The US trade deficit shrank in November to a nine-month low as a sharp drop in imports outpaced a decline in exports, the Commerce Department said Wednesday.
The chronically deficit US trade balance with the rest of the world fell 5.0 percent in the month to $42.4 billion, the lowest gap since February, as growth in the global economy slowed and the strong dollar weighed on exports.
The unexpected decline in the trade deficit, from a revised $44.6 billion in October, was seen as a blip in the US trade picture.
"A temporary drop in the deficit; expect a December rebound," said Ian Shepherdson, chief economist at Pantheon Economics, in a client note.
"The underlying trends in both exports and imports are now falling, thanks to the combination of dollar strength and sluggish domestic capex (capital expenditure)," he said. "We don't see these trends changing anytime soon."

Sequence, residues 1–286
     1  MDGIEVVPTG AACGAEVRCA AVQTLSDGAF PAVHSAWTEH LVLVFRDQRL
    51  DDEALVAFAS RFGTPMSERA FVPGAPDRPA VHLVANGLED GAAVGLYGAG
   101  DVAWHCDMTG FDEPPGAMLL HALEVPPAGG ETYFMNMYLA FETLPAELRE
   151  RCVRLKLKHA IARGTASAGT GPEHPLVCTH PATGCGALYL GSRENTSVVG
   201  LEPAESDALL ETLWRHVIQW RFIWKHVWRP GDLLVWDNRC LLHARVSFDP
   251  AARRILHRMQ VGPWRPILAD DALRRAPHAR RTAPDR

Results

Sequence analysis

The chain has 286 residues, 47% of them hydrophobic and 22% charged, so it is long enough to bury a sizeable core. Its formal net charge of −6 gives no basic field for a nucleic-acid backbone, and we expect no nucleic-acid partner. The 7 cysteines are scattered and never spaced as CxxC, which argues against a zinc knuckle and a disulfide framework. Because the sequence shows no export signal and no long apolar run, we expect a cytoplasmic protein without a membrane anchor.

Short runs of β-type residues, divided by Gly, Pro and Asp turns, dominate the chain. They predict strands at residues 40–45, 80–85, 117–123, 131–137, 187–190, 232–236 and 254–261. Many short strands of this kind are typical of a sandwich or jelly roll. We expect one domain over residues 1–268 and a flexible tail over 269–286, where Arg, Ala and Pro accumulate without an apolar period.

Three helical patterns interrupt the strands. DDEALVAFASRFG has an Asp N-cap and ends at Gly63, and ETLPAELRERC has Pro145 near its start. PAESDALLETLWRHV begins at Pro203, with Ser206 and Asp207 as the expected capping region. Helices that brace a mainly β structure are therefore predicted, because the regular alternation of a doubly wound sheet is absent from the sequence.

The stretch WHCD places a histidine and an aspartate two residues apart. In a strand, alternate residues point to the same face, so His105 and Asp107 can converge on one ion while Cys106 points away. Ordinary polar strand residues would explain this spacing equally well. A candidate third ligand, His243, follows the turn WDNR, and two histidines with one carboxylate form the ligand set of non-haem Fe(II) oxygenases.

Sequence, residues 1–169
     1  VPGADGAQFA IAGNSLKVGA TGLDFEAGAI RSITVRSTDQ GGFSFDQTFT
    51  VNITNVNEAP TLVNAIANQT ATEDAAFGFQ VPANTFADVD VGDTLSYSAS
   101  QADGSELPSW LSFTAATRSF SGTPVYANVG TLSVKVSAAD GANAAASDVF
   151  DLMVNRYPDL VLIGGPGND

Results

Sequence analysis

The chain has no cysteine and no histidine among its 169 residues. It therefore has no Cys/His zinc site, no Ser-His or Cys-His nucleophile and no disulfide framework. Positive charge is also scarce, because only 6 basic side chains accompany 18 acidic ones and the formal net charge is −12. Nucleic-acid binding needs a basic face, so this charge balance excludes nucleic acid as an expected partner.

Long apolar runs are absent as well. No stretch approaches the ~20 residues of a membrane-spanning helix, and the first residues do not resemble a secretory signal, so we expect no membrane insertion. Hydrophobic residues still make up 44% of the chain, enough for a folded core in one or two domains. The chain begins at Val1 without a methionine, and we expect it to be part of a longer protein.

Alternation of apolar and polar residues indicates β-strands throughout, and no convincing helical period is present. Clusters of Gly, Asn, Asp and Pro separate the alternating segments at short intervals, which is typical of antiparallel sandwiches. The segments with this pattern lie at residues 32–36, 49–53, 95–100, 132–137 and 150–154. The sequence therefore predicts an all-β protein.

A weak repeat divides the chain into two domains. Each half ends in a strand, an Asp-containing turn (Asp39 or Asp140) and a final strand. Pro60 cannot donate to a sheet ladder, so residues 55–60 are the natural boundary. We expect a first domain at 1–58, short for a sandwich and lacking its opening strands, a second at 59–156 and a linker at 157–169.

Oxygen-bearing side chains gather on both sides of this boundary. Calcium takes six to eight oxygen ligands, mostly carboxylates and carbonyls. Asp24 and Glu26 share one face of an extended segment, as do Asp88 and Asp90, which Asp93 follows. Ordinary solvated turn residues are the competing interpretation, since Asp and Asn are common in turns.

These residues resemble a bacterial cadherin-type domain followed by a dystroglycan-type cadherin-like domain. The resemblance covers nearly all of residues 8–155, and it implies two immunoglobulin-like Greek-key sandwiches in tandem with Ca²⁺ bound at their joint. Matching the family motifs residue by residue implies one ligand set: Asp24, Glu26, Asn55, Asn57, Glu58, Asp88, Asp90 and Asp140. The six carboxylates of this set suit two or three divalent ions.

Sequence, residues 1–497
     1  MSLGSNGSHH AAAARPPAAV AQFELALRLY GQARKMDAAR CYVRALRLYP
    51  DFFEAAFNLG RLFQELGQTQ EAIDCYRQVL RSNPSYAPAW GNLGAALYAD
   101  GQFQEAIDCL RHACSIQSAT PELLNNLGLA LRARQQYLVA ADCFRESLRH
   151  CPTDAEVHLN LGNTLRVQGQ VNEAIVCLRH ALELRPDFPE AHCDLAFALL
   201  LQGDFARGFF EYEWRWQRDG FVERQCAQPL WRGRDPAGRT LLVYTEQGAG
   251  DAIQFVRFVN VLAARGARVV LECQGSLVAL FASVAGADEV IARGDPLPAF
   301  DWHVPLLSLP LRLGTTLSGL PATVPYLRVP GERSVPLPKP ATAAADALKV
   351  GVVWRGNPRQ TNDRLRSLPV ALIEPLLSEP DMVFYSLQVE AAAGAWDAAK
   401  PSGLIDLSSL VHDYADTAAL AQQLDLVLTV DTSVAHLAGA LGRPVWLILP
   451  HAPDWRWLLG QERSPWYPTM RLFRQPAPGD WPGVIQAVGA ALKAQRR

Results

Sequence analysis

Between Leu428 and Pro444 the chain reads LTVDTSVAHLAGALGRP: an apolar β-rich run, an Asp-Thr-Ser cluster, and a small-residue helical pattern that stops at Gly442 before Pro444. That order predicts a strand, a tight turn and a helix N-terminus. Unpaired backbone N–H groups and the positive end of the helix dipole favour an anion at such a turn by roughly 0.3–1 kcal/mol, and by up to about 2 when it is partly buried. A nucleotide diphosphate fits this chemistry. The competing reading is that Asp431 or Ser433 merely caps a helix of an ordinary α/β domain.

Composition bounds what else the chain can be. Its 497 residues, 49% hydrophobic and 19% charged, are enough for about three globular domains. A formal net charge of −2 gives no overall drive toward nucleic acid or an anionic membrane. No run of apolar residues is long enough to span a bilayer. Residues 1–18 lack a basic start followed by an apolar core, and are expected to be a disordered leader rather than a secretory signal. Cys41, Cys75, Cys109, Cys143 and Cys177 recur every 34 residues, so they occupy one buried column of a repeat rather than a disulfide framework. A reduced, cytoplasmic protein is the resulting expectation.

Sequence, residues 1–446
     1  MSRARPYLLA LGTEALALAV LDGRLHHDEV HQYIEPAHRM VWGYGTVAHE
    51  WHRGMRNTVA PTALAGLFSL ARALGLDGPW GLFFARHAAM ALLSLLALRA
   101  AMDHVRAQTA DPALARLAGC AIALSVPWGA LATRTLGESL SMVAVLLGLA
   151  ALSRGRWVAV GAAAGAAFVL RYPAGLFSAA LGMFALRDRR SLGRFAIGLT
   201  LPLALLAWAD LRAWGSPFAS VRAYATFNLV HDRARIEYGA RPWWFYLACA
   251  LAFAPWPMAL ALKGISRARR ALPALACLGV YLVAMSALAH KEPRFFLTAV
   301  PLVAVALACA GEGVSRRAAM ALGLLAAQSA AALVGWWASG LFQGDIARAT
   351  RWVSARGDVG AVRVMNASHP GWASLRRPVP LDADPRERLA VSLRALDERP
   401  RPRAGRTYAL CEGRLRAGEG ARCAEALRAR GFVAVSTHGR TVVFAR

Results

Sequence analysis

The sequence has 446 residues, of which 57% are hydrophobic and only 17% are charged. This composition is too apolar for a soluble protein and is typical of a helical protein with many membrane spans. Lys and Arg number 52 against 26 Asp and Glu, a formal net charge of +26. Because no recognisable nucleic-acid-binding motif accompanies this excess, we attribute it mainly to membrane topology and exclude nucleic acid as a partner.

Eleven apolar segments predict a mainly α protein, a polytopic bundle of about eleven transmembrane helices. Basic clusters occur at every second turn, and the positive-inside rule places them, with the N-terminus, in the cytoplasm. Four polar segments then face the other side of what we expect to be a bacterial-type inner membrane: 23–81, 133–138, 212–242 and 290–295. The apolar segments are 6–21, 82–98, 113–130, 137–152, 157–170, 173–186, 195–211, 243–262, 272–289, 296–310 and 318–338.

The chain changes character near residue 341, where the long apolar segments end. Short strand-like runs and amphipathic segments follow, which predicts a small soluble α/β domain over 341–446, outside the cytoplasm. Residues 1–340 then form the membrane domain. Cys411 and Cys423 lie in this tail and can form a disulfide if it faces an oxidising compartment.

Imports sank 1.7 percent to $224.6 billion in November largely on a steep decline in consumer goods. Overall goods imports fell to $183.5 billion, the lowest level in nearly five years.
Exports of goods and services fell 0.9 percent to $182.2 billion, more than a four-year low.
Bucking a months-long trend, the deficit in petroleum products jumped in November, by 20 percent to $5.24 billion.
By region, unadjusted goods data showed the gap with China shrank 5.1 percent to $31.3 billion while that with the 28-nation European Union was steady at $15.7 billion.
With Canada, the second largest US trading partner, the goods trade gap was $345 million, following a small surplus in October.